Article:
1 in 3 Workers Pulled Money From 401(k), Other Retirement Accounts Due to Coronavirus

1 in 3 Workers Pulled Money From 401(k), Other Retirement Accounts Due to Coronavirus

Survey shows millennials most likely age group to take from their retirement funds
An upside down piggy bank

Under the menacing shadow of the coronavirus pandemic, many workers are sacrificing their retirement savings in order to keep afloat.

A third of workers have either taken out a loan or made a withdrawal from a retirement account, such as a 401(k), 403(b) or IRA, according to a report released in December by the Transamerica Center for Retirement Studies, a research foundation.

Perhaps not surprisingly, age seems to play a role in whether one is willing to take the risk of retirement savings withdrawals.

Younger workers leading the way

In recent months, workers across the country have struggled financially due to layoffs, furloughs and company restructurings amid the pandemic. Though the government enacted pandemic aid measures earlier this year — and Congress now appears set to approve a new $900 billion coronavirus relief plan — many consumers are nevertheless struggling to make ends meet.

When it comes to drawing down savings, younger workers have been more willing to withdraw from retirement accounts during the pandemic. The Transamerica survey found that 43% of millennials have either taken out a loan or withdrawal from a retirement account or plan to do so in the near future, compared to just 27% of Generation Xers and 11% of baby boomers.

Similarly, boomers were much more likely to completely rule out withdrawing from their retirement accounts, with nearly 3 in 4 (73%) saying such a move was out of the question. In contrast, 36% of millennials and 56% of Gen Xers say they won’t take money from their retirement accounts to deal with the COVID-19 pandemic.

Taking an early withdrawal from a retirement account can have far-reaching implications. Not only might you have to pay a 10% penalty, but you’ll also lose out on having your money earn interest for a longer period of time.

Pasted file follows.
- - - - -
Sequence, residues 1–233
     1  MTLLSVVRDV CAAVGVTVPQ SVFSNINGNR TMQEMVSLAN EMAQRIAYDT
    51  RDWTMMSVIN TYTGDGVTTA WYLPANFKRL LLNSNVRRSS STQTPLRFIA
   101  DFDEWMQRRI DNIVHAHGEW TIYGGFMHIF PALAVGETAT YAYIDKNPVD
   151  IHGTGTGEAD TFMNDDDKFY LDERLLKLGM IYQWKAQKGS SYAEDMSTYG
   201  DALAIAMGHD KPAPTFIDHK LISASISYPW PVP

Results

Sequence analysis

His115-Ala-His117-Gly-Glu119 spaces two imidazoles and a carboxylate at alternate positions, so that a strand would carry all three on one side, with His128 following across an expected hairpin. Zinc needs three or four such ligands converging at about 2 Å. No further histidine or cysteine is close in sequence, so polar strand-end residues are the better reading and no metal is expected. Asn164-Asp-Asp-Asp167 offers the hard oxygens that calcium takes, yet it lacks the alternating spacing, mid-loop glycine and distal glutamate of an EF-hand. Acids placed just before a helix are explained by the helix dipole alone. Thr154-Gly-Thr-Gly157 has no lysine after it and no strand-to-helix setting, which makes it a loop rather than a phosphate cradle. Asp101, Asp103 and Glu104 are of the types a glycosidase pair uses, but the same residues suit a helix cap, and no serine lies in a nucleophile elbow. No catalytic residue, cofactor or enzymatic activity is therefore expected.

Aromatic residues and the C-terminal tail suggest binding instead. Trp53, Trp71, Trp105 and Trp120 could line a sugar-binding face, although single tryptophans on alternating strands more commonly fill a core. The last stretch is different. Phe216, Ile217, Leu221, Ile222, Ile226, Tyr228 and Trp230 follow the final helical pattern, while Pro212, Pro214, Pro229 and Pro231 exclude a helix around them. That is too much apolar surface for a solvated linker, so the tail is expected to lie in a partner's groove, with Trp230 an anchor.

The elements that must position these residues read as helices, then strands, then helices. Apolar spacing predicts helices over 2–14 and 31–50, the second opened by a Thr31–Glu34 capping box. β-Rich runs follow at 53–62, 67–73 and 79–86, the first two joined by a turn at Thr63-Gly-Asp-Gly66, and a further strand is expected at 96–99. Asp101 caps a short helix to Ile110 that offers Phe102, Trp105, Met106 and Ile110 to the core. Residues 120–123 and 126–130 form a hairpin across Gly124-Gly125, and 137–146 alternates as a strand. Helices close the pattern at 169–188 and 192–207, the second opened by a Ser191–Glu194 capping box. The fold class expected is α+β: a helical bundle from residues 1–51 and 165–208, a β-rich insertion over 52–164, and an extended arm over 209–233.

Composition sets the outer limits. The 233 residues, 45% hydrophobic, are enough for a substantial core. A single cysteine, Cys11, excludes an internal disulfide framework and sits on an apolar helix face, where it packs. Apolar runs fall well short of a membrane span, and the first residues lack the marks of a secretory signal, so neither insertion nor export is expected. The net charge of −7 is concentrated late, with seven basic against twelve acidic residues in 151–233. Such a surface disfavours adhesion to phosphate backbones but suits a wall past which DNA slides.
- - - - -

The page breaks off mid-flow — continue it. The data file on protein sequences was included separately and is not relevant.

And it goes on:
As a result, you may likely have to work longer in order to have enough money for retirement if you raid your account now. Not surprisingly, nearly a third of Americans say the pandemic has already led to a change in their expected retirement age.

Millennials have more time — and more struggles

One obvious reason younger workers may be more willing to take from their retirement accounts is because they have longer to save for retirement. Though a majority of all generations listed paying off debt as a priority during the pandemic, older generations were more focused on saving for retirement.

Specifically, 63% of baby boomers listed saving for retirement as a current financial priority, compared to:

  • 55% of Gen Xers
  • 41% of millennials

However, younger workers also appear to be struggling more during the pandemic than older cohorts.

Nearly half of millennials (49%) said they were having trouble getting by financially during the pandemic, compared to 44% of Gen Xers and 29% of baby boomers.

On top of that, millennials' outlook on life in general appears to be less rosy. Specifically, 52% of millennials admitted to feeling anxious and depressed "often" during the pandemic, compared to 39% of Gen Xers and 26% of baby boomers.

Methodology: The Transamerica Center for Retirement Studies, a part of the Transamerica Institute, commissioned public opinion firm The Harris Poll to survey 5,277 full-time or part-time workers between Nov. 6 and Dec. 27, 2019. An additional survey of 2,069 adults was then conducted by The Harris Poll during Oct. 22 through Oct. 26, 2020. Included in the survey sample were 1,173 adults who work full- or part-time and/or were laid off or furloughed during the pandemic.

The Transamerica Center for Retirement Studies classified millennials as those born 1979-2000; Generation X as those born 1965-1978, and baby boomers as those born 1946-1964.